Data published in Nutritional Neuroscience indicated that the brain distribution of curcumin occurred most in the hippocampus, followed by the striatum, the cerebellum, the cerebral cortex, and then the brain stem. While curcuminoid levels in the brain increased upon repeated dosing for 28 days, pharmacokinetic data showed that there was no accumulation of curcumin in the brain and therefore no toxicity issues.
Researchers from the Mahatma Gandhi University, Akay Natural Ingredients, and the University of Kerala also examined if the brain delivery of curcuminoids changed behavior, and found that the curcumin-fenugreek complex-fed animals exhibited improved locomotor activity and reduced memory errors, compared to control animals.
The study builds on earlier research into the potential brain health benefits of CurQfen. Results from a 30-day clinical trial published earlier this year in Nutritional Neuroscience showed that the complex may impact brain waves and boost audio-reaction time compared to placebo and unformulated curcumin.
Crossing the blood brain barrier
Dr. I. M. Krishnakumar, Chief Research Officer at Akay Natural Ingredients, explained that the native (unconjugated ‘free’) form of curcumin has been shown to cross the blood–brain-barrier (BBB).
“Howeever, once it has undergone biotransformation or metabolized into glucuronides and sulfates (conjugated metabolites), it cannot enter the brain since the conjugated metabolites are bulky water-soluble molecules with no BBB-permeability,” he said. Rather they are rapidly cleared by the kidneys, he added.
“So, the key in brain health is the availability of free (unconjugated) form of curcuminoids in systemic circulation at pharmacologically relevant concentrations, such as > 37 ng/mL, with significant elimination half-life. In other words, brain tissue distribution can be considered as a litmus test for the free curcuminoids bioavailability of a formulation,” said Dr. Krishnakumar.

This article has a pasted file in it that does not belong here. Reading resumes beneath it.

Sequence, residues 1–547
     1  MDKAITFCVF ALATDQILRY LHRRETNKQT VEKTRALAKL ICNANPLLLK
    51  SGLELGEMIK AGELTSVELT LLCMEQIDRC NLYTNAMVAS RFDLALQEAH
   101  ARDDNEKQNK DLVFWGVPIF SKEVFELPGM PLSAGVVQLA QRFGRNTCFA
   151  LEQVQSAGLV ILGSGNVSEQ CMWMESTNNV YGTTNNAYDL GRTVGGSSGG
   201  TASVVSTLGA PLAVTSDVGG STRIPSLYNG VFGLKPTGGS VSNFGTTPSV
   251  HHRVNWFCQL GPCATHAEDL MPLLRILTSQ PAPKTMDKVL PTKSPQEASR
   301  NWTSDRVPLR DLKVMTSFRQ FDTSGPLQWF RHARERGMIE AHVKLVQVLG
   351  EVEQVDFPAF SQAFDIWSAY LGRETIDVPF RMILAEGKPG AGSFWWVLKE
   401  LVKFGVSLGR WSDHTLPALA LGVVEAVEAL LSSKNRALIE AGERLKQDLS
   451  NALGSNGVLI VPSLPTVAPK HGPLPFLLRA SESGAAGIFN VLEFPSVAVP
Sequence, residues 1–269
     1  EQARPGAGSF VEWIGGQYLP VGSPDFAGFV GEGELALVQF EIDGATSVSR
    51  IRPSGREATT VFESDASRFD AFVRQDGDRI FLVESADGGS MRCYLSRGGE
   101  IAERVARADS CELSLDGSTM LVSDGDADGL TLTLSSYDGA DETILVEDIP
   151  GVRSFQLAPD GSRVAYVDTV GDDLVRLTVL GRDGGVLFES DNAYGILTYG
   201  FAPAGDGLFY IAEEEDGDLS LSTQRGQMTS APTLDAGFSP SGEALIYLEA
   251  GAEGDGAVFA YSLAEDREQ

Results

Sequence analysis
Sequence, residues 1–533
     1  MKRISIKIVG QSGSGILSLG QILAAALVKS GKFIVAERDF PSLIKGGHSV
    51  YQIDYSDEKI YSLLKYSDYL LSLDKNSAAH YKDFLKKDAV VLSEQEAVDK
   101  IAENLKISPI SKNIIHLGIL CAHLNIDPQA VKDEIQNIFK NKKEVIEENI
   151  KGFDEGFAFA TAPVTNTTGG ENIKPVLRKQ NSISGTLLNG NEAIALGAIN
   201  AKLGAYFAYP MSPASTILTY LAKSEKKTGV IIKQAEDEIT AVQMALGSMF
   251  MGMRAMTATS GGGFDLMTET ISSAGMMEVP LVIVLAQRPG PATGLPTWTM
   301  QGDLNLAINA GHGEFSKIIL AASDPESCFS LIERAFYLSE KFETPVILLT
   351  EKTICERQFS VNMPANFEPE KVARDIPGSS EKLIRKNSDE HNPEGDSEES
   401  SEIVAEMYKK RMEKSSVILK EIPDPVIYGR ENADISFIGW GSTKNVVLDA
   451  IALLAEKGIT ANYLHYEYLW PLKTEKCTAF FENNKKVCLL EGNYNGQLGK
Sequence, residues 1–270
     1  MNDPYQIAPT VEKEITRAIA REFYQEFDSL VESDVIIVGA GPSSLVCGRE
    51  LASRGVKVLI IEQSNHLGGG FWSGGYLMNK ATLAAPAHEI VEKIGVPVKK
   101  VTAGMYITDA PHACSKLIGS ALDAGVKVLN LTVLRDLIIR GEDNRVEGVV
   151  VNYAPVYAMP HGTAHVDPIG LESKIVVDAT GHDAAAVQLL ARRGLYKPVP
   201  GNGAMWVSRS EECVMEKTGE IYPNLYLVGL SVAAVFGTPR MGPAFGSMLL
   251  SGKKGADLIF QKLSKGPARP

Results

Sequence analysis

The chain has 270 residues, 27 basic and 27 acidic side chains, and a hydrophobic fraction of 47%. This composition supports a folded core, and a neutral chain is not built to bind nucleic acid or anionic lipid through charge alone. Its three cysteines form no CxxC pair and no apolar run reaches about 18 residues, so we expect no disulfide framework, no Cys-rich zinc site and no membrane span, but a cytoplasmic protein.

The India-based scientists orally supplemented CurQfen or unformulated standard curcumin (95%) to Wistar rats and looked used tandem mass spectrometry to identify, confirm, and quantify free curcuminoids in the various parts of the brain.
Results showed that the curcuminoids from CurQfen were observed in brain for about six hours after consumption with an elimination half-life of about three hours.
While the studies used the same doses of around 100 mg/kg body weight, the brain concentrations in the CurQfen-fed animals were 173 to 220 ng/g, but less than 10 ng/g in the unformulated standard curcumin-fed animals.
“The present study demonstrated the brain regional pharmacokinetics of curcuminoids following the repeated oral administration of a fenugreek galactomannan- hydrgel scafold based formulation of natural curcuminoids as curcumagalactomannosides (CGM), and its effect on brain health as illustrated by the behavioral studies,” wrote the researchers.
“UPLC-ESI-MS/MS measurements showed curcumin in brain tissues with an elimination half-life of 2.6 h. This may be the reason for improvement in locomotor activity and spatial memory in CGM-treated groups.”
Source: Nutritional Neuroscience
Published online ahead of print, doi: 10.1080/1028415X.2021.1913951
“Brain regional pharmacokinetics following the oral administration of curcumagalactomannosides and its relation to cognitive function”
Authors: R.G. Kannan et al.